Testing for HAE
  • Because the disease is very rare, patients often remain undiagnosed for many years.
  • There are blood tests for HAE. If you have HAE, all members in the family should have the
    blood test to see whether they are at risk, even if they have never had any attacks.


Because HAE can be fatal, people with HAE must immediately recognise when they are having an attack and get medical help urgently.

Abdominal attacks and throat attacks are particularly dangerous. Anyone with the slightest hint of throat involvement must urgently get extra treatment for an “acute attack”.

Because it is a rare condition, doctors and nurses may not be familiar with HAE.
Patients must get an emergency plan (see pamphlet: HAE emergency plan) from their doctor and must wear a Medic Alert disc.

The emergency plan must be carried with them at all times to tell other doctors about their condition and the correct treatment.

Patients with HAE must be under the regular care of a doctor who has experience with the condition.

Treatment of acute attacks
  • The swelling of HAE can occur quickly and cause death. At the first sign of an attack, the progression of the swelling must be stopped, particularly if it affects the airway.
  • Acute therapies currently available in South Africa include:
    • Fresh-frozen plasma (FFP) – is given as an intravenous infusion in the hospital.
    • Firazyr (Icatibant) – Indicated for the treatment of acute attacks of HAE in patients two years and older. Firazyr is delivered by subcutaneous injection and may be self-administered.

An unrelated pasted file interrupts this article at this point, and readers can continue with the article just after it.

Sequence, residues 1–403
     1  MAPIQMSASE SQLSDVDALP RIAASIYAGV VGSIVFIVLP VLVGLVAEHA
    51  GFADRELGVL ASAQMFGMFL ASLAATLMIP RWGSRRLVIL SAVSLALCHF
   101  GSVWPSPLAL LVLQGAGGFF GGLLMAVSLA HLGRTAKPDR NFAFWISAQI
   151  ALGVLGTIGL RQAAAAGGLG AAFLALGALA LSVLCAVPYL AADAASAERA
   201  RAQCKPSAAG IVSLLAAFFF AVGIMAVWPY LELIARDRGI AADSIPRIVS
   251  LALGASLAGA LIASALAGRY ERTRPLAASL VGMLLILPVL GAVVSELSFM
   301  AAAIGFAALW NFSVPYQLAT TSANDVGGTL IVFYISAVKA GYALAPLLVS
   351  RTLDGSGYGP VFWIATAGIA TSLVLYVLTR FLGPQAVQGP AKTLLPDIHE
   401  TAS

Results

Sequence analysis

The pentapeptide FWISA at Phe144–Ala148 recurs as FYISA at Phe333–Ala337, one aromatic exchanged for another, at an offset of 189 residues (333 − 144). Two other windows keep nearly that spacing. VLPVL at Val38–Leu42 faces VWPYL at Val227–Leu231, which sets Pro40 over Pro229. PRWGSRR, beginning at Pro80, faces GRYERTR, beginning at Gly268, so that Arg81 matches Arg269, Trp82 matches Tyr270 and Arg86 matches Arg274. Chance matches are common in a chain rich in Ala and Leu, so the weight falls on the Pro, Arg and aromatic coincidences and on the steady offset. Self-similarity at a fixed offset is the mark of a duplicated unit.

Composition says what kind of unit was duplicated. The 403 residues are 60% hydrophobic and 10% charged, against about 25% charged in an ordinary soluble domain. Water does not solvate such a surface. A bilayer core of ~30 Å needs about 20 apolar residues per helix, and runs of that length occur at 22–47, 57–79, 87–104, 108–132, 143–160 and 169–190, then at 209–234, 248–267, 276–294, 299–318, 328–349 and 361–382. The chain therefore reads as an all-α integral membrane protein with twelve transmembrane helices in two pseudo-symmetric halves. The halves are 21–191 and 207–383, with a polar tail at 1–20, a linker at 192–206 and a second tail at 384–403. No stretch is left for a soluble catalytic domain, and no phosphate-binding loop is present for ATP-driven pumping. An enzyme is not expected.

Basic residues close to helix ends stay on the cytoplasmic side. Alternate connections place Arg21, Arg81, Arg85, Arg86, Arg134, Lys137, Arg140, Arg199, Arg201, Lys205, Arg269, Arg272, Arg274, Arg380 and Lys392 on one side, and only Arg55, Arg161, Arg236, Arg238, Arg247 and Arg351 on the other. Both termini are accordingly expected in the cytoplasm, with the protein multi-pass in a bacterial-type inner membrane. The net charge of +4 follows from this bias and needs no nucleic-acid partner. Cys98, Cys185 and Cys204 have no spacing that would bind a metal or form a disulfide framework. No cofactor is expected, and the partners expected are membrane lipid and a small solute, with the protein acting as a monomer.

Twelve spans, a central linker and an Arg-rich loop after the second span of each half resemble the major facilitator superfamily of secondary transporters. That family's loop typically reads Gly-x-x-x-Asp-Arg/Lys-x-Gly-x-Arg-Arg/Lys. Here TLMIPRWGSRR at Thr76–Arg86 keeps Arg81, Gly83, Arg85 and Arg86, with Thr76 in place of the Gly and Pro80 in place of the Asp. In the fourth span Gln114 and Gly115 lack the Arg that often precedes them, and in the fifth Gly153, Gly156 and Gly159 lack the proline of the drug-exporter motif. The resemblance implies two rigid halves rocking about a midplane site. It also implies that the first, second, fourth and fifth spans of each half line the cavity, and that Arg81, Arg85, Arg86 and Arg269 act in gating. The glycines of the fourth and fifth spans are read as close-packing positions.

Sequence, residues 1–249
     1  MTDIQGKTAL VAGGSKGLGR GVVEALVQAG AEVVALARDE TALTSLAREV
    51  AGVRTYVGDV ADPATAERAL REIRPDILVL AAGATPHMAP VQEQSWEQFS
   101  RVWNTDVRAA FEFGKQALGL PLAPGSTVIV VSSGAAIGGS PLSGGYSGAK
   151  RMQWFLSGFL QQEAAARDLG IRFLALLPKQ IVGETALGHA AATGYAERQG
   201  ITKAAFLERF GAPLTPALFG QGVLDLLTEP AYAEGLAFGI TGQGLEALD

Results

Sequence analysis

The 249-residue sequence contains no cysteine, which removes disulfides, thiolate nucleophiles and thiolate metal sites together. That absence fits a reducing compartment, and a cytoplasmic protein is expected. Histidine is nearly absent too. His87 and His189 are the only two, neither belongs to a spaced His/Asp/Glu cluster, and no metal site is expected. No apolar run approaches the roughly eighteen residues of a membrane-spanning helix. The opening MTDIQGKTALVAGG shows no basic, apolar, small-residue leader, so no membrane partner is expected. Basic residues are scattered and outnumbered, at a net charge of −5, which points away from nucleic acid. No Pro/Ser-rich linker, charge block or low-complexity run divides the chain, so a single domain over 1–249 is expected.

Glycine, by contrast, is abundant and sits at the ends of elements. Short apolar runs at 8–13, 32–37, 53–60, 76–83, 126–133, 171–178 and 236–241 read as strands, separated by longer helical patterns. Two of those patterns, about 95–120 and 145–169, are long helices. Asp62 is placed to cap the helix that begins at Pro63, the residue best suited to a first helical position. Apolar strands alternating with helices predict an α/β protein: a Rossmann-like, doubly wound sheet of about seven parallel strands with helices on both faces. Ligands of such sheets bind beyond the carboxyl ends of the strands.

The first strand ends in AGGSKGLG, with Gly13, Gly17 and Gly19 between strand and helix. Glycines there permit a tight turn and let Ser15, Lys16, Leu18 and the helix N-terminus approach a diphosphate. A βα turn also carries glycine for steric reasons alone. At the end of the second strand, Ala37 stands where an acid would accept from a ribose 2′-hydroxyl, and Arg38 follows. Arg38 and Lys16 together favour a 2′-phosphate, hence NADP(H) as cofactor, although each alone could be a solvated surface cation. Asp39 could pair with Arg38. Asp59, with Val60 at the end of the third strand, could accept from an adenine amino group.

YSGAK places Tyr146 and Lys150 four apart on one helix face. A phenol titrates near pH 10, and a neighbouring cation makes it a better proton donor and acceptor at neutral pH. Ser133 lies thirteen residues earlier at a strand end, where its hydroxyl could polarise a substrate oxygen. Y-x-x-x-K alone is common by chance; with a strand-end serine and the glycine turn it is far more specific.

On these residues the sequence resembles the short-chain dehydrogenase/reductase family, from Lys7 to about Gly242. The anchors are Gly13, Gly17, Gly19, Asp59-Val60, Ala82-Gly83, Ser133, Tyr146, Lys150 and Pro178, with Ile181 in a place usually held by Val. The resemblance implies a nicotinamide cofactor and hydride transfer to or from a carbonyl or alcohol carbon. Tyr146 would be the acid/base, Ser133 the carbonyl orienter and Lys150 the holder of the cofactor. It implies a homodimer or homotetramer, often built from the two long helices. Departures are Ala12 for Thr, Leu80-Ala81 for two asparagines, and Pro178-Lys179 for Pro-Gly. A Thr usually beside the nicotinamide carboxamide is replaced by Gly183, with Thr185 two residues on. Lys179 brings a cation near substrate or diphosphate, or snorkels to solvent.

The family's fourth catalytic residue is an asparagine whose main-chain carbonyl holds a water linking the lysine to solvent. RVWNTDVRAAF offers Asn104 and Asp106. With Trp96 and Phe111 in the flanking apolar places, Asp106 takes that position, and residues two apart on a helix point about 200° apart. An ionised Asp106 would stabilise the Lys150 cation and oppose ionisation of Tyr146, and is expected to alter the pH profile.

• The treatment usually given for hives is NOT effective.
  • Other treatments include pain relief for abdominal attacks, medication to prevent vomiting and extra fluids.

Short term prevention

  • Before surgery or dental work, short term treatment is needed to avoid the risk of any attacks.
  • Prophylactic treatment may be used 1-12 hours before the surgery.
  • In adults an oral medication (of “high-dose androgens”) may be given for the previous 5–10 days.

Long-term prevention

  • Patients in whom episodes occur at least once a month or who are at high risk of developing throat attacks need long-term prevention.
  • Oral androgen hormone medications increase production of C1-INH in the liver but have some side effects particularly in women and children and they must not be taken during pregnancy.
  • As an alternative, large doses tranexamic acid or aminocaproic acid can be used. The effect is weaker than androgens but side effects are less severe.
Key points
  • If angioedema occurs on its own, without urticaria, it is usually caused by ACE inhibitors or hereditary angioedema.
  • The correct diagnosis must be established.
  • Your doctor will complete an application form for a Medic-Alert bracelet and an action plan detailing emergency treatment.
  • Your doctor will complete an application form for a Medic-Alert bracelet and an action plan detailing emergency treatment. 
  • Patients suffering from acute attacks must seek emergency help immediately. 
Download Angioedema & HAE leaflet for free
Download our HAE Action Plan for Free